Kenya Airways (KQ) shareholders have been asked to approve a balance sheet restructuring. They have known this day was coming for the last two years, but the KQ capital restructuring details will still be an initial shock to many of them.
The circular signed by Michael Joseph Chairman of the board cautions about the unsustainable debt levels at KQ and that the failure to restructure this, may lead to insolvency and closure. KQ’s Kshs 155 billion balance sheet has Kshs 113 billion of long-term debt and debt and 82 billion in current liabilities – resulting in negative 47 of KQ capital. The proposed deal will reduce the company debt by Kshs 51 billion and also unlock new funding. But this comes at a price and he cautions that minority shareholders will be significantly diluted,
In this conversion of debt to equity, but they can still buy shares at a discount.
Excerpts from the 38-page shareholder circular (see investor documents)
Individual shareholders: Each ordinary share is being subdivided into 20 shares one of which is interim and 19 of which are deferred.
- A KQ shareholder with 1,000 shares today will end up with 1,000 shares (initially they will be 250 shares) and 19,000 deferred shares. The ordinary shares will be listed on the NSE.
- The deferred shares have no share certificate, carry no dividend or voting rights, and are not transferable (tradable). The creation of this class is to prevent an unlawful reduction of the company share capital.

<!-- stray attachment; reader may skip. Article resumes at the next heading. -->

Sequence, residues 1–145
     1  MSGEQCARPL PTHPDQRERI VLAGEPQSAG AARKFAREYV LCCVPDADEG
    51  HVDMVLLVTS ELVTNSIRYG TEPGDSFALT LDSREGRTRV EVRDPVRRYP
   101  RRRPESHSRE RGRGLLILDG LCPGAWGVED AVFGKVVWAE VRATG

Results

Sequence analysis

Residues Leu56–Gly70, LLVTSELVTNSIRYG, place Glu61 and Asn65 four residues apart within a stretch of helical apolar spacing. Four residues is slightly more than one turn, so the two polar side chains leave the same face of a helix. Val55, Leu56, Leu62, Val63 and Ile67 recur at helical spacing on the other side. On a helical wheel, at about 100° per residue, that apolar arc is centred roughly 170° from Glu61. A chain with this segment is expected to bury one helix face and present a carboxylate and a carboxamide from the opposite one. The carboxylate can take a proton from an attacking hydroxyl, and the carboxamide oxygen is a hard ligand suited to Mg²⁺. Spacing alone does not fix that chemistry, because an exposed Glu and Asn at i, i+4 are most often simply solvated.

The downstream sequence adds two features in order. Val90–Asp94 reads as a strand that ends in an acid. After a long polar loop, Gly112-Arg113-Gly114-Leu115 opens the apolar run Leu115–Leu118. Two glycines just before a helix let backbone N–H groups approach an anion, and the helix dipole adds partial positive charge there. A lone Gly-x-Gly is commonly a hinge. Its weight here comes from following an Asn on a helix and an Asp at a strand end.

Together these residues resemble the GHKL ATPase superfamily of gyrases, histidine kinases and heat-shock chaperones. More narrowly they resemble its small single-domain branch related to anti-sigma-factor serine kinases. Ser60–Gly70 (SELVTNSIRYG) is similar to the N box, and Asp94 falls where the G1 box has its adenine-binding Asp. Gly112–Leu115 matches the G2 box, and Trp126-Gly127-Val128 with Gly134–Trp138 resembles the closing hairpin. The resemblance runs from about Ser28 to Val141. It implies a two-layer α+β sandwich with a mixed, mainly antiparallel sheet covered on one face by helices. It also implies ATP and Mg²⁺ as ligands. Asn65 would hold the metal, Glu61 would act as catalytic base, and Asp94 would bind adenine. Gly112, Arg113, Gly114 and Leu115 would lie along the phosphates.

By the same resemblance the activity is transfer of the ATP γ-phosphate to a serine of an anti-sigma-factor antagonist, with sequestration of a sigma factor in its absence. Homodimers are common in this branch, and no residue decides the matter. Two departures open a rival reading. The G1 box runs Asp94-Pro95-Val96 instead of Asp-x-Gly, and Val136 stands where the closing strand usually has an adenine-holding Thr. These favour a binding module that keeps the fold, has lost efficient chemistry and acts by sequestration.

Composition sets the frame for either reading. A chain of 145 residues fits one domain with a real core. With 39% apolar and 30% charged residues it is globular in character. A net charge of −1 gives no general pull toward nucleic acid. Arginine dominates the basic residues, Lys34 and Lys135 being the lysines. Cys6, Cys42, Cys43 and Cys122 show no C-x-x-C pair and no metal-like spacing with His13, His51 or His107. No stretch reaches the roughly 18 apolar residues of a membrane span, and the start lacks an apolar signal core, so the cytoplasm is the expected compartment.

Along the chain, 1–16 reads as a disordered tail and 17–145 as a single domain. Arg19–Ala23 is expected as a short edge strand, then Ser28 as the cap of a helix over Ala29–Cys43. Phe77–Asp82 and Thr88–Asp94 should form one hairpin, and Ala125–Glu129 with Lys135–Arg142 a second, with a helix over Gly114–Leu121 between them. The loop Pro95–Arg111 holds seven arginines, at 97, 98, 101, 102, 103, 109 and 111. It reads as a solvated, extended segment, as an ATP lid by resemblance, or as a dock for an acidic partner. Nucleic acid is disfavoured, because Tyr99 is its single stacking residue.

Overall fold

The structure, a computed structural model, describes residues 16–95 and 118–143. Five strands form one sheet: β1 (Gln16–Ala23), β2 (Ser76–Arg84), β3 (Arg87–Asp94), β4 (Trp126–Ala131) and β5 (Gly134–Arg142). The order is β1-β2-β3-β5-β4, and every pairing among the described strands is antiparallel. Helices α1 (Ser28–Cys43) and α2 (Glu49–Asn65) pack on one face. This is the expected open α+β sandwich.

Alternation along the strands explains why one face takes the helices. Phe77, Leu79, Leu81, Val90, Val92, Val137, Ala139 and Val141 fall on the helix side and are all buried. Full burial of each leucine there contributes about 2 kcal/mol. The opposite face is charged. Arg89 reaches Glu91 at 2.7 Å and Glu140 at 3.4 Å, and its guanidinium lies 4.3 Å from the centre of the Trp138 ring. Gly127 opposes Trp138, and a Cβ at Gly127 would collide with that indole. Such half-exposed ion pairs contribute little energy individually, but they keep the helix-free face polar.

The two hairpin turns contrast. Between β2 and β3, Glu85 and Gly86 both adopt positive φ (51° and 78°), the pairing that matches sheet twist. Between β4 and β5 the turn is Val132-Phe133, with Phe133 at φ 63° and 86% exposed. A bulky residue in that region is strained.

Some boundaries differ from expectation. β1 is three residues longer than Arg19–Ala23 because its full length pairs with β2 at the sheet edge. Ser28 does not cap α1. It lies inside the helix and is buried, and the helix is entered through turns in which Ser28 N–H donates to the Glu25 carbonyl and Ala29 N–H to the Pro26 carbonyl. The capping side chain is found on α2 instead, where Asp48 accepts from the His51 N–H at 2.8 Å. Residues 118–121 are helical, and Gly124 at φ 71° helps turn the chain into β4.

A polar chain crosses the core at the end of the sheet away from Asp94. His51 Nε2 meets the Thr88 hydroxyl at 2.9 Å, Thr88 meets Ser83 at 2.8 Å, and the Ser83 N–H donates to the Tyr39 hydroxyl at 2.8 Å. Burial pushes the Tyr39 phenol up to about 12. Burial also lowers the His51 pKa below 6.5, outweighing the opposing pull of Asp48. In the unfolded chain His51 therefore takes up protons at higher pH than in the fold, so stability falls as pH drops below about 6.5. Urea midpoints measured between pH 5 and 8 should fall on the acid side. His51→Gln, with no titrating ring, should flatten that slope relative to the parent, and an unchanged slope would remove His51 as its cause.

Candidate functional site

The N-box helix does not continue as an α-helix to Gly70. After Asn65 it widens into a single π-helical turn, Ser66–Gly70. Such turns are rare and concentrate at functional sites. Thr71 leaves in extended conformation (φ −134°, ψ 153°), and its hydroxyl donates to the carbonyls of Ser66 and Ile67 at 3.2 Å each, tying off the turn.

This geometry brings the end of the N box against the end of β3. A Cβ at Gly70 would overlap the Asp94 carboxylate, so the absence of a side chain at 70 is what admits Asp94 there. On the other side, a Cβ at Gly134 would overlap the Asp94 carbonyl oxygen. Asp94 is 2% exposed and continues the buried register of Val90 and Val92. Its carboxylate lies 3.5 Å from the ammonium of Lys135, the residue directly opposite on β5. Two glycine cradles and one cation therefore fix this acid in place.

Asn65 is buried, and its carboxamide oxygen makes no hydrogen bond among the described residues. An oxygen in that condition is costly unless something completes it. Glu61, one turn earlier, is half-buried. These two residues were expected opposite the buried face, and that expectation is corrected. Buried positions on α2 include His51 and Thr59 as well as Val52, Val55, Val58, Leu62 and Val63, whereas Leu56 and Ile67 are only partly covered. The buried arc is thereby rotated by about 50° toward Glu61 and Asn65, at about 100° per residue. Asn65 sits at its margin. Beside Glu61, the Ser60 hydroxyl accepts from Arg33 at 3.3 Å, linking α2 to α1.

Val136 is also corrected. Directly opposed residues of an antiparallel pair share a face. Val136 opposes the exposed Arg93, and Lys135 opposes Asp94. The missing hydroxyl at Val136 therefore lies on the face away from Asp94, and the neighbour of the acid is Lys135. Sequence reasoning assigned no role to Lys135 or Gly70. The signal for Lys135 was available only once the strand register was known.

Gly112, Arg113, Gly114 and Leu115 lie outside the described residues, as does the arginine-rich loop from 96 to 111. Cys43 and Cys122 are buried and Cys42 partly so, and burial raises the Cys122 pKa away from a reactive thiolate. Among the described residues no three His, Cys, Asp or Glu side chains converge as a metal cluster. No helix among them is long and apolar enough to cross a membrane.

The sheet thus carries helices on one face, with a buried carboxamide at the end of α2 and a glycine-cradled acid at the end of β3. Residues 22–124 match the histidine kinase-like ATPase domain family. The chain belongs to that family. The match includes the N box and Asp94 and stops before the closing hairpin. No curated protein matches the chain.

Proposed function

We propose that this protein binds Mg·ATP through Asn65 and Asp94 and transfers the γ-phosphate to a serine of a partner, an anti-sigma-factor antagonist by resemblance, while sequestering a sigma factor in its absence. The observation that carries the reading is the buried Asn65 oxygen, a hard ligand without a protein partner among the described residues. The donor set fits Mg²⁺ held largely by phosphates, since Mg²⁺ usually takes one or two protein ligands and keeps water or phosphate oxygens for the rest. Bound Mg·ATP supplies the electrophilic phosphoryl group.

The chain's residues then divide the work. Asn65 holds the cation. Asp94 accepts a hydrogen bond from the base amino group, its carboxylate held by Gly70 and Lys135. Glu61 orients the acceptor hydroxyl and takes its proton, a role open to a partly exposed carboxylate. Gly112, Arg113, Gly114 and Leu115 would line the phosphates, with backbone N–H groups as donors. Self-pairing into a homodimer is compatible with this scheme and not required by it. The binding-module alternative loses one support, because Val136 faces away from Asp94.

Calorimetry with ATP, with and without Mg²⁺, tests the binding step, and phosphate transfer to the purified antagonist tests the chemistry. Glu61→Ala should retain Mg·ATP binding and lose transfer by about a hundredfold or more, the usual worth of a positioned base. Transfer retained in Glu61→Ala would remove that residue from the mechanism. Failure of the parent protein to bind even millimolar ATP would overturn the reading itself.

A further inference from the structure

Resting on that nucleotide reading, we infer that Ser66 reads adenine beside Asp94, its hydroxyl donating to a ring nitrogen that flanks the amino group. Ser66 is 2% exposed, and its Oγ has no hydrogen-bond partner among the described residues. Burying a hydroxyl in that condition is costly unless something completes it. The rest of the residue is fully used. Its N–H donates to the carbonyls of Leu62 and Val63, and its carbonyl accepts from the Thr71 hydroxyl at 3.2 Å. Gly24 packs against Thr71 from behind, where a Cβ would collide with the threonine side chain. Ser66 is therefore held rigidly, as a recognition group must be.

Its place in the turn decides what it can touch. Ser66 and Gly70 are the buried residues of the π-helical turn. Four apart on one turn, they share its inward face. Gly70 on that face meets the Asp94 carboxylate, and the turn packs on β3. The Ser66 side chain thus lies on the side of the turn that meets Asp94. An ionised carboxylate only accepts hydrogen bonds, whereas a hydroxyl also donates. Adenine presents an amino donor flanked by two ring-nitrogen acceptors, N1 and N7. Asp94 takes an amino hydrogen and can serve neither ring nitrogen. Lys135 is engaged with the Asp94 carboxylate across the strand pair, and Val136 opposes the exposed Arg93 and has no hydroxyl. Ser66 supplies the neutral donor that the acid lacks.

Board restructuring: the Government shall have two seats on the board, while KLM will have one. The banks will have 1 director for every 5% they own (through KQ Lenders Co.). 2/3 of the board are to vote on new CEO & finance director appointments, and on partnership agreements, fleet plans, and strategy. The circular notes the changes will enable faster decision-making and less conflict at the board.
- Shareholding before: Kenya Government 29.8%, KLM 26.7%, IFC (9.56%), Mike Maina Kamau 4.3%, others 30%
- Shareholding after: Kenya Government 46.5%, Kenya Banks 35.7%, KLM 13.7%, employees ESOP 1.9%, IFC 0.5%, Mike Maina Kamau
4.3% 0.2%, others 30%.
- KLM and IFC significantly reduce their shareholding edit.
- A new shareholders ESOP is proposed to be created and qualifying employees can buy up to 2% of the shares.
Shareholder Dilution: the existing Shareholders’ holdings of Ordinary Shares will be diluted by 95% as a result of the Restructuring and Employee Offer.
- A shareholder with 1,000 shares will end up with 1,000 shares (initially they will be 250 shares) and 19,000 deferred shares.
- The new shares will be consolidated after allotments are done i.e. mainly to the banks – so that meaningful trading can take place. (On completion, the company will have 7.4 billion ordinary shares and 28 billion deferred shares). KQ can’t also issue shares at discount to the nominal value, so a share split and an immediate consolidation will be done.
- For an illustration of the dilution Mike Maina Kamau remains with 64.4 million shares but that shareholding, which was equivalent to owning over 4% of KQ, is now 0.22% assuming he does not buy new shares.
- Shareholders can buy up to Kshs 1.5 billion of new ordinary shares, but new shares they buy are not tradable